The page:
Save Food Sarasota
Food Vendors Can Learn How to Reduce Food Waste
& Feed the Community
Thirty to forty percent of food prepared for human consumption goes to waste. At the same time, as the result of Hurricane Ian and Nicole, rising food prices and the leftover impact of COVID, thousands of children, families and seniors in the Sarasota area go hungry every day.
On December 5 & 6, Save Food Sarasota will provide local food businesses with information on a new, convenient, free way to reduce waste by connecting with local organizations that provide food to people in need. One hour, virtual sessions will take place that are targeted to local restaurants, grocery stores, caterers, event venues, nursing homes, and retirement communities.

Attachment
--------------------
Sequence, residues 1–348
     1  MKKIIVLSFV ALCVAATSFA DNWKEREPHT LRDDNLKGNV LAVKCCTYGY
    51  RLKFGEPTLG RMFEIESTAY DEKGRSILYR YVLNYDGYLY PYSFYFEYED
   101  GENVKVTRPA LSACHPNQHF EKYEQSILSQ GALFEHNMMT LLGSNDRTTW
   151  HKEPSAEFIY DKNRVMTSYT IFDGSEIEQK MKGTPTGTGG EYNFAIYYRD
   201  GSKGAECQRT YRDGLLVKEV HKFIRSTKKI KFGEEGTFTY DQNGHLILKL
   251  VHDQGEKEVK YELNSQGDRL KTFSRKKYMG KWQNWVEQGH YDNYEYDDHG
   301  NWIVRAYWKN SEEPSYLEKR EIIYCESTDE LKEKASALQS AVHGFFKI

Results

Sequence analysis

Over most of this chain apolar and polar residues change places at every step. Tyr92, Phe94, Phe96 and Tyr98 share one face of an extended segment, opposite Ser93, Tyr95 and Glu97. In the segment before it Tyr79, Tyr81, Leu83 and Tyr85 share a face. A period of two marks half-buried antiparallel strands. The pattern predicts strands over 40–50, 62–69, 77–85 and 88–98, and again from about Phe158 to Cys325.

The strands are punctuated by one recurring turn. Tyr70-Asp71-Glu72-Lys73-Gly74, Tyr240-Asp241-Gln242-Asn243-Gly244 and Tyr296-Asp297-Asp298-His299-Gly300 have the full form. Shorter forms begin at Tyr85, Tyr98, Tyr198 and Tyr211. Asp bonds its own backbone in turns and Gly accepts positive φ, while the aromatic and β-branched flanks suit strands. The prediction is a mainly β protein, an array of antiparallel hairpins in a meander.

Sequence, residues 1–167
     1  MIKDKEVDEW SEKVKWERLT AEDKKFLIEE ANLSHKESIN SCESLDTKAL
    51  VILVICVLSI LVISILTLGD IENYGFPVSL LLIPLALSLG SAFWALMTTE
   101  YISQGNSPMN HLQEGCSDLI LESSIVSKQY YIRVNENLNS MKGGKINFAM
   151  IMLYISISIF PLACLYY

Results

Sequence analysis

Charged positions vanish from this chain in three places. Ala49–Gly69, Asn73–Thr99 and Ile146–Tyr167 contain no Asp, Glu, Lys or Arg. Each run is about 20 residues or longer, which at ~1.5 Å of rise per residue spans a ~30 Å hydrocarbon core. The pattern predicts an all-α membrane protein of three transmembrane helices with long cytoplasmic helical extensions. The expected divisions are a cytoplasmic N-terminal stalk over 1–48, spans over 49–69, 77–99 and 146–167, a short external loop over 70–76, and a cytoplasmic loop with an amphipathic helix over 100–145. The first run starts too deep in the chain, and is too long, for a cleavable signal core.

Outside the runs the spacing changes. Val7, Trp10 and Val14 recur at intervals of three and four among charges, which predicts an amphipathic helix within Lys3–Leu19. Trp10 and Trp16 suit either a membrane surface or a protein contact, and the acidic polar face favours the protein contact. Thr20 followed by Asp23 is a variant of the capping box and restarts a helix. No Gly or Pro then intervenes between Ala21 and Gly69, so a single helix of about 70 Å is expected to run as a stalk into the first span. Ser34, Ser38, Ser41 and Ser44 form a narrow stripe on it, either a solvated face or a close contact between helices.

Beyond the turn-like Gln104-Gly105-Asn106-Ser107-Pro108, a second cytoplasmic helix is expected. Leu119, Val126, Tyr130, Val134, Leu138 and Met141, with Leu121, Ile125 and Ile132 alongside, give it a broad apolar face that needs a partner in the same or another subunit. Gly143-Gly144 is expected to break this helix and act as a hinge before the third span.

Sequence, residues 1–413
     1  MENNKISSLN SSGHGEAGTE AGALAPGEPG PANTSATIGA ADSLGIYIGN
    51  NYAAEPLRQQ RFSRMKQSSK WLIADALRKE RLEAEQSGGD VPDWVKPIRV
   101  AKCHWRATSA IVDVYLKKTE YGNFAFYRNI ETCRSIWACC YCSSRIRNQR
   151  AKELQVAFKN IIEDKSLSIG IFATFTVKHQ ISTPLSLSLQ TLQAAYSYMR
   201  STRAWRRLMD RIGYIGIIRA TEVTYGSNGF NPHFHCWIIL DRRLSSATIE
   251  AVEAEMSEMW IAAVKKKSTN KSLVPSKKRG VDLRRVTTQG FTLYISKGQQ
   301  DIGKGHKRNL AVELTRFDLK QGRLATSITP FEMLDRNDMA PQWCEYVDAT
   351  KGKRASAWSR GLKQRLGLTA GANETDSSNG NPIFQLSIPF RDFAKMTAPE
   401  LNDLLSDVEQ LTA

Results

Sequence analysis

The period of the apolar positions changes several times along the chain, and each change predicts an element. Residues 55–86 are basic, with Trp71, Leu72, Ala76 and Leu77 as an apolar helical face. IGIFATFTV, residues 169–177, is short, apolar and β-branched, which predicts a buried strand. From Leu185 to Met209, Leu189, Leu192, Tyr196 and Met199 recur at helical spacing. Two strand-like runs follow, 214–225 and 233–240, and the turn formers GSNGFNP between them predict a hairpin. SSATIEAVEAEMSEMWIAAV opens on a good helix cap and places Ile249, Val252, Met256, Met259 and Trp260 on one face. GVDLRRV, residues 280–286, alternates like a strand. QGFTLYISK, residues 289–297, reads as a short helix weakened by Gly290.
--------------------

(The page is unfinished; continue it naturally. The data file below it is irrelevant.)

Save Food Sarasota sponsors include the City of Sarasota, the University of Florida’s Institute of Food and Agricultural Sciences (UF/IFAS), Transition Sarasota and MEANS Database.
“The need to get excess food to people in need has never been greater,” said Emily Grant, Florida Program Manager for MEANS Database, a non-profit that has developed an electronic food rescue platform. “We are excited to share this with the Sarasota community. It’s a win-win opportunity. Local businesses can conveniently reduce their food waste while decreasing the number of people in our area who go to bed hungry every night.”
More information on the upcoming information sessions can be found at https://www.eventbrite.com/cc/save-food-sarasota-1323639
|MEANS (Matching Excess And Needs for Stability) Database is an online platform connecting those with excess food, like grocery stores, co-ops, and restaurants, with nearby emergency food providers who serve those in need. Our organization has two major goals: to reduce food waste and reroute that food to feed people facing food insecurity. MEANS has been working in the anti-hunger space for six years and has adapted to meet the needs of clients and those in need remotely during this unprecedented time.